Signal to Noise for Season Tickets

The marketing team at the orchestra has been talking about updating the UI of our Subscriptions landing page for quite some time now. The old page was very utilitarian, had links to ALL THE THINGS that people could buy, and had lots of useful information. Trouble was, it felt underwhelming and had signal-to-noise issues:

The hierarchy was almost non-existent, and the benefits to subscribing were actually hidden behind little expanding menus. Full disclosure: this was my idea! In trying to reduce the amount of text on the page, I hid important selling points.

The new design is much more streamlined and looks great on mobile:

One of the nice features of the new design is that we’ll have added flexibility to feature certain packages with a nice large image at the top when we’re running promotions.

I also liked my co-worker’s idea of just consolidating all the benefits at the top and calling out the one benefit that is different for each type of subscription package.

Additionally, we can easily update the images used to promote each type of package, helping the page feel more fresh and timely.

See the page live on the website.

Online ticketing system

In January of this year I was finally able to launch a project I’ve dreamed about since I started, five years ago: a redesign of the ticketing system. The simple reason this project took so long was that we lacked the internal resources to pull it off. When I got permission to hire the Orchestra’s very first web developer one year ago, this was the very first priority I had in mind.

My developer, a freelance designer, and I brainstormed what would be the best possible user experience for selecting seats for an orchestra concert and purchasing them, and then whittled down our list to what was actually possible within our existing ticketing system.

I art directed mockups and oversaw the project that brought us to a completely new and much more tablet-optimized ticketing experience (full mobile optimization is still forthcoming), launching just 7 months after our developer first started. For the full experience, visit and click on any “BUY” button for a concert.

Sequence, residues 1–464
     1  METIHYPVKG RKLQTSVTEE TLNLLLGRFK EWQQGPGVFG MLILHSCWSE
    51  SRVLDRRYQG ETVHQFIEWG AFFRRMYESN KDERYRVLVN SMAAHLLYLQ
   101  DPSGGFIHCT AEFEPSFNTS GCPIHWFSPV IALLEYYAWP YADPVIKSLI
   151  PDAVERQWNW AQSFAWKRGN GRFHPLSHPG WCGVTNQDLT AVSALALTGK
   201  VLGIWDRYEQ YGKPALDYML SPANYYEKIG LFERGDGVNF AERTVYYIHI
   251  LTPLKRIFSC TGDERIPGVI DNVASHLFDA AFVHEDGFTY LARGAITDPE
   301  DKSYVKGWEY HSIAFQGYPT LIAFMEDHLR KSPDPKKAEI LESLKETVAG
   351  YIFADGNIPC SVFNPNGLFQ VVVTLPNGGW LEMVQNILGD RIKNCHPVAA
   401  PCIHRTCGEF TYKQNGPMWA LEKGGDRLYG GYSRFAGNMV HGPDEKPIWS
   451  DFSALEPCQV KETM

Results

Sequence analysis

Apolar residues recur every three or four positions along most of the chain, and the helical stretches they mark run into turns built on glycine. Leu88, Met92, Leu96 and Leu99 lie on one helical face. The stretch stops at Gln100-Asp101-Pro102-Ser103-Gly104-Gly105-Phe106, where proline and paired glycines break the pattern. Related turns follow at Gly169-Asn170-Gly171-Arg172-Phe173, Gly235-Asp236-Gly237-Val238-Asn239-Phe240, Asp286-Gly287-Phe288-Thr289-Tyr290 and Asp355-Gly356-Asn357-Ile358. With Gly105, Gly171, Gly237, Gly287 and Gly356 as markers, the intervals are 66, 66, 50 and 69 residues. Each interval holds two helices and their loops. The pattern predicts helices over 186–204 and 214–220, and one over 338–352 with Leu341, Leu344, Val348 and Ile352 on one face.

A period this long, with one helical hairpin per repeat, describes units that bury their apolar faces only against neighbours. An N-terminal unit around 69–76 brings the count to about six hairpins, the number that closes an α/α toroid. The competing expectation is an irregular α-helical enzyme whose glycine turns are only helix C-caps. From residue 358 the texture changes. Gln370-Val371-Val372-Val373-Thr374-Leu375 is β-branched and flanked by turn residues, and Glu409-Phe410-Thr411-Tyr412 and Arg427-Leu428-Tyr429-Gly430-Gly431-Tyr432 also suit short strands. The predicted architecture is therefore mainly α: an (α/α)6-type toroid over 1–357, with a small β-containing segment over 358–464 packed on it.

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The all-new

Design thumbnails

Here it is: one of the very first performing arts organizations in the Twin Cities to launch a responsive website, and one of the first Orchestras in the nation. I could not be prouder of my work on this website, which was lengthy and extensive.  (View website).

This was my second overhaul of since I started in March 2010, and this second launch exceeded even my own lofty goals.

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click to visit

One of the most massive undertakings I’ve ever, well, undertaken. In the late fall of 2010 I began to completely re-think every aspect of

I started by taking stock of the content (and inhaling books on Content Strategy). Then I evaluated and chose Joomla as our content management system. An intense spring and summer of template creation, coding, testing, and re-coding followed.

The new website launched on September 27, 2011.



My first few months at the Minnesota Orchestra were spent building three different microsites. None of these sites exist anymore; we moved away from the microsite concept over the next two years. Two of the three were built in ColdFusion, which powered the Orchestra’s old website.


Sommerfest microsite
Objective: promote Sommerfest concerts at Orchestra Hall
Role: design, code
Process: used design elements from print pieces to design a microsite and matching e-mail templates

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Star Tribune Digital Media Kit


Objective: design a new website featuring all of Star Tribune’s digital products.
Role: designer
Process: brainstormed website architecture with larger team, helping to define the navigation and content. Completed wireframes and mockups in both Adobe Illustrator and Photoshop. Upon approval, hand-coded using html, Flash, advanced CSS and javascript, and Clickability content management system. Assisted with copywriting, editing and general maintenance of live site.

Please note: this version of the website no longer exists. #sadtrombone